Then, of course, there is Sarah, the lynch pin for the whole series. As much as I loved each of the main characters, it was Sarah I connected with most. Her inability to sit still, her fear about normalcy, her prickly relationship with Siobhan all worked to create a portrait of longing so finely wrought it could be overwhelming. In Helena and Sarah, Maslany created very different evocations of loneliness — how it reshapes the way you move through the world, from how you walk to the particular lies you tell yourself under the guise of survival. When Sarah breaks down in the finale, admitting, “I don’t know how to be happy,” I couldn’t help but tear up with her. Sarah was a selfish, destructive, wrecking ball of a woman. But there’s something triumphant and admirable in tracking her evolution toward regaining her own autonomy, which finally happens when she takes an oxygen tank to the head of P.T. Westmoreland, the final Big Bad whose own ego and quest for immortality is behind the sprawling Neolution mythology. This isn’t to say Maslany only works best creating darker, more morose individuals. Krystal, a blonde airhead, was buoyant to the point of being nearly untethered to the world around her. She was ridiculous, a quick shot of humor in an increasingly harrowing world. But Maslany never condescended to the character. Orphan Black’s greatest legacy can be found in the ways Maslany would transform herself to embody these radically different characters. Yes, it’s a technical feat of extreme skill. But it also points to the show’s feminist ethos, which portrayed women as being so much more than what the men who sought to control them wanted them to be.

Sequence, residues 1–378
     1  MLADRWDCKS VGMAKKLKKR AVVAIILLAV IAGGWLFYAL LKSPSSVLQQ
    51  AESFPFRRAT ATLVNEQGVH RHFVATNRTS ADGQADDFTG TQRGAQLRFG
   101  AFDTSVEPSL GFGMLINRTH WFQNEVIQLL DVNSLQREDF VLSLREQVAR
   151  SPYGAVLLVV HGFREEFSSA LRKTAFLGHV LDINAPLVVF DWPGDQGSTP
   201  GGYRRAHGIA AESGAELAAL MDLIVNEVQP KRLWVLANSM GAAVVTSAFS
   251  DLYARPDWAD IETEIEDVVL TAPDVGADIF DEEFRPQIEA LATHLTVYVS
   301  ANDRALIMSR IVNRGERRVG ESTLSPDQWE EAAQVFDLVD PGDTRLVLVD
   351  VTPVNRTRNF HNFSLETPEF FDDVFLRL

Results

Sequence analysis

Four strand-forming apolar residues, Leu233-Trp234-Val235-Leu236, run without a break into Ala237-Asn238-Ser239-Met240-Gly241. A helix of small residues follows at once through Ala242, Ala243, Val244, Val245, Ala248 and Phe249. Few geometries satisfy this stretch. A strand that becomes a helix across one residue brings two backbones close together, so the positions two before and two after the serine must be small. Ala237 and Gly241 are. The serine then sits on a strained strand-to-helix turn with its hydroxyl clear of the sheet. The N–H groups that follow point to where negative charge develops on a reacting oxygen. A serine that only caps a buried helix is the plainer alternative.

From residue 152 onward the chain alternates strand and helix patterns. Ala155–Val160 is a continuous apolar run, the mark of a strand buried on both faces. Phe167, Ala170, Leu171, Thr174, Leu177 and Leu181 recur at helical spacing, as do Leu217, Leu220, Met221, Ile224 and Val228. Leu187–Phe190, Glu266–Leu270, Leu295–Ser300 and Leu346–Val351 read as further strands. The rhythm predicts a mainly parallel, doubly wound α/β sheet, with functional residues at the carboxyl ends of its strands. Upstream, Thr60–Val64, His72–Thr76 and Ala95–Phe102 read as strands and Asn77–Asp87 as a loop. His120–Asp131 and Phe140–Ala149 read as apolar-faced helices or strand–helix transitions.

Orphan Black asked tough questions about motherhood, identity, and autonomy, and provided even tougher answers in turn. It went wide and deep, sometimes overreaching its own capabilities. But even when it failed narratively, it was bolstered by commanding performance so layered and honest that it remained memorable. Orphan Black may be considered too pulpy, too prone to the baroque to be considered in league with the more austere series that have become entrenched in the modern canon. It’s a shame, because it pushed the boundaries of science fiction in startling new ways. It was bold enough to ask, what does it mean to be a modern woman? The writers, directors, and collaborators were smart enough to realize there isn’t just one answer.